will, or stop at each point between A and B
    with equal probability, we let X be the
    distance between where the bus stops and
    point A.
   Then X is a random variable and it is said to
    follow a Uniform distribution.
   We will talk about several continuous
    distributions, we need to know:
    ◦ Their PDF
    ◦ How to calculate probability under those
      distributions.
    ◦ How to find mean and variance for those random
      variables
   For Uniform:
    ◦ PDF:
                       1
                             ,A X  B
             f ( x)   B  A
                      0, elsewhere
                      
   In order to calculate the probability, we need to
    know the distance between A and B.
   In another word, the parameters for a uniform
    distribution are A and B in this case, where A and
    B are defined as the distance mark for the two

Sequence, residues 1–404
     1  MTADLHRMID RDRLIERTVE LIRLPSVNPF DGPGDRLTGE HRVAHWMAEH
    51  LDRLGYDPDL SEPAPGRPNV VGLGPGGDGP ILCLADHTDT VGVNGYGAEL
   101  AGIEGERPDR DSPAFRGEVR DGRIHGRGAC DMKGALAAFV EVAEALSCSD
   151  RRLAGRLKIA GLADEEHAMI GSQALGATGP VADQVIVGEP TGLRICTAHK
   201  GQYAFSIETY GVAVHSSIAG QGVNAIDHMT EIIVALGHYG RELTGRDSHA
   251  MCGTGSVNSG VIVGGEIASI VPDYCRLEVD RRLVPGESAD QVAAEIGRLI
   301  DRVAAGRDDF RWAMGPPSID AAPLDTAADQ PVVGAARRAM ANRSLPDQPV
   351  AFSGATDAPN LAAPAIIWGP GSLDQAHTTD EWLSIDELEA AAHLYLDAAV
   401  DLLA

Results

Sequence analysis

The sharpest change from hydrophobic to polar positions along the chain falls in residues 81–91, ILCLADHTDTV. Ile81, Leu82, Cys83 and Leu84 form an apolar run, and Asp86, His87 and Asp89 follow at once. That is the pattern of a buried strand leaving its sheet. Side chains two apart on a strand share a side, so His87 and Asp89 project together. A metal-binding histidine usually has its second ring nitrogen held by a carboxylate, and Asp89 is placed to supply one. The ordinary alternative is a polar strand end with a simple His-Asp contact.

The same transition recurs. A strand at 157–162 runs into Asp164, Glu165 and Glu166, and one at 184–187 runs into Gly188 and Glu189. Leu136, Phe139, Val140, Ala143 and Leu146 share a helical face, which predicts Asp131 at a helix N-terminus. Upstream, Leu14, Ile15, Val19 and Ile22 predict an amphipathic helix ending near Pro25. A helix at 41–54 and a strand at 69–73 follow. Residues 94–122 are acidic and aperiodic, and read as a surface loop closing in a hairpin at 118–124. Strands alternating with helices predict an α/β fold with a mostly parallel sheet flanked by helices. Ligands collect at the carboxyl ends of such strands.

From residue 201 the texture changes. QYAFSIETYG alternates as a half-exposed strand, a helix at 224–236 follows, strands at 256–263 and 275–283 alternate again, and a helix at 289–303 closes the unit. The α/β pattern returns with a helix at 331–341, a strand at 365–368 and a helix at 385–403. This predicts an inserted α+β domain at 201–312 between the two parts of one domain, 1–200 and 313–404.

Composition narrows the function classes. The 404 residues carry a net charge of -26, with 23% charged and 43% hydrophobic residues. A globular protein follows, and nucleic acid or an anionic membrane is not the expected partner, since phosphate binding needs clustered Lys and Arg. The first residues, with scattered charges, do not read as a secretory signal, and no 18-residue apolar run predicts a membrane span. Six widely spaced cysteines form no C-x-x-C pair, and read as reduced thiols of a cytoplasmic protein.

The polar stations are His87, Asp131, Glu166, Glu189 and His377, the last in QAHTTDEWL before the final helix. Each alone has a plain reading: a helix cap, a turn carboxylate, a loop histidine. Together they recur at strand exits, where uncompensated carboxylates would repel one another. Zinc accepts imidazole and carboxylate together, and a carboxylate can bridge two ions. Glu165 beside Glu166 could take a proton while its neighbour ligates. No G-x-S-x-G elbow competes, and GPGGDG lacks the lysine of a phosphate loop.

points.
   For example, if B is 2000 yards away from A,
    then B-A=2000.
   And the probability that the bus stops within
    200 yards from A would be


       200                200
                                 1         200
       
       0
             f ( x)dx    
                          0
                                2000
                                     dx 
                                          2000
                                                0.1
   Then what is the probability that the bus
    stops somewhere between 400 yards away
    from A and 600 yards away from A?


     600           600
                        1         200
                    
       f ( x)dx  400 2000 dx  2000  0.1
     400
   What is the probability that the bus stops